Horn Diplomat

Qatar and Russia to bolster economic ties

Two of the world’s largest energy producers have vowed to increase trade relations. Qatar is under pressure amid an economic boycott by neighboring Gulf states over its alleged support of terrorism.

Qatar and Russia announced the new agreement, which will see closer trade ties, during a visit by the Russian Foreign Minister Sergei Lavrov to the Gulf Nation on Wednesday.
Lavrov made the commitment after a meeting in Doha with his Qatari counterpart, Sheikh Mohammed bin Abdulrahman Al-Thani.

The Russian foreign minister told reporters that Moscow “attached great importance” to economic and energy cooperation between the two countries.

Sheikh Mohammed, for his part, said Qatar could no longer rely on neighboring states to support its economy or guarantee food security.
The two nations are among the world’s top oil and gas producing countries.

Last year, Qatar bought a stake worth billions in Russia’s state-controlled oil company, Rosneft.
Qatar is looking to expand its economic relations after Saudi Arabia, Egypt, Bahrain and the United Arab Emirate severed diplomatic and trade ties with the Gulf nation in June.

The Arab countries accused Qatar of destabilizing the region by supporting “terrorists,” a charge dismissed by Doha.

The diplomatic rift, aimed at isolating Qatar, has disrupted supply chains and affected flow of goods into the tiny emirate. The International Monetary Fund said on Wednesday transportation costs in Qatar have gone up about 9 percent and food prices have risen 2 percent due to the boycott.
‘Arab allies not willing to negotiate’

With no signs of tensions easing, Sheikh Mohammed said his country was willing to negotiate an end to the diplomatic crisis, but had seen no sign that Saudi Arabia and its allies were open to mediation.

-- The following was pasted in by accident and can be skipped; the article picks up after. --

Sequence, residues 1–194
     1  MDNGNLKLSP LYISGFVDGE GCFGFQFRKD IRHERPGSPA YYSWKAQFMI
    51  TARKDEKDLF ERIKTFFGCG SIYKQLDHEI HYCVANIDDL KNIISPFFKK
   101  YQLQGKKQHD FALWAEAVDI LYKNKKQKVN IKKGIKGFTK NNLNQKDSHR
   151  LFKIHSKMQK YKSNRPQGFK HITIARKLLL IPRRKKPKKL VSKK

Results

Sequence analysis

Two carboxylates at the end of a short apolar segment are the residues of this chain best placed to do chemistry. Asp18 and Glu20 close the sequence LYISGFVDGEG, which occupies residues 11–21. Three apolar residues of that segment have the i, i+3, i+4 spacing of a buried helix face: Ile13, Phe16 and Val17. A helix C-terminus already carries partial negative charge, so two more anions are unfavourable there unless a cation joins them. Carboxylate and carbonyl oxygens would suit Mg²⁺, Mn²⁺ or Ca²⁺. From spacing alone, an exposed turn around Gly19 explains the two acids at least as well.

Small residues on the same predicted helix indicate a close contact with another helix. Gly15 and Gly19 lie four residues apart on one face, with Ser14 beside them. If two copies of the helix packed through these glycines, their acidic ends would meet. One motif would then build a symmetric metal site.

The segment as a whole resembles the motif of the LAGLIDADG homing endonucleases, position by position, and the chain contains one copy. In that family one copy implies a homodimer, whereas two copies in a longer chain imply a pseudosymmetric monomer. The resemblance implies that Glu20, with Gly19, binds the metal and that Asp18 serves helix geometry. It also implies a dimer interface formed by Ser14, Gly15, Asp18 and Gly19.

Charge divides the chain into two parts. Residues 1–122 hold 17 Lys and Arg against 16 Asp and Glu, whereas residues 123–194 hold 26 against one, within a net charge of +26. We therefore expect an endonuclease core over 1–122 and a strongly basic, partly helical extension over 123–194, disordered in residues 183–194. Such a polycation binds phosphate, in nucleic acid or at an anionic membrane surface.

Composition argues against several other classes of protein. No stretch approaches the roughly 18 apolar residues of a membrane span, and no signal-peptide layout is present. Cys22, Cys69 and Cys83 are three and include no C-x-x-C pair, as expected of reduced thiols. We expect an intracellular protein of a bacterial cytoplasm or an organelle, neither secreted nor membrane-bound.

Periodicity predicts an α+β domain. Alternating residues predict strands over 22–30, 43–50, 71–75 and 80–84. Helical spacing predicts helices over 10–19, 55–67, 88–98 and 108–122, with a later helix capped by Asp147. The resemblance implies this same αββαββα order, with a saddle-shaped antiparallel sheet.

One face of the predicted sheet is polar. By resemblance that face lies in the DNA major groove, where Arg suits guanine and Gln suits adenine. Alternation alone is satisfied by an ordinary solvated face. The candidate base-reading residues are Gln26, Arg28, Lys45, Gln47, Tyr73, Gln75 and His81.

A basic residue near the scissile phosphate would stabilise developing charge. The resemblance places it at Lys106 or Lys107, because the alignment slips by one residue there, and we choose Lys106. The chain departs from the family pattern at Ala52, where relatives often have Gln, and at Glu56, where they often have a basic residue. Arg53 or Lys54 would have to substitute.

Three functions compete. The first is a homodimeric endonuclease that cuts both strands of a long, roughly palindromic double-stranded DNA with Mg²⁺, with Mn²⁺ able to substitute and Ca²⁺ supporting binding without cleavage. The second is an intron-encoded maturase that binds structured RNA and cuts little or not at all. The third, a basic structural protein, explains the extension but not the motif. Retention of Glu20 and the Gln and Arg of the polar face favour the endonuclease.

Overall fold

“Qatar maintains its position that this crisis can only be achieved through a constructive dialogue … but the blockading counties are not responding to any efforts being conducted by Kuwait or other friendly countries,” the Qatari Foreign Minister told reporters at a news conference with his Russian counterpart.

Lavrov – who has also visited Kuwait and the UAE as part of his Middle East tour – called for all parties to find a solution.
Read – Beyond Libya: Russia’s strategy in the Middle East

He said if face-to-face negotiations started, Russia would be ready to contribute to the mediation.

“It’s in our interests for the GCC to be united and strong,” the Russian top diplomat said, referring to the Gulf Cooperation Council comprising Bahrain, Kuwait, Oman, Qatar, Saudi Arabia and the UAE.

Russia has long sought to establish itself as a major player in the region’s affairs, most notably in Syria’s six-year civil war, where it backs President Bashar al-Assad.

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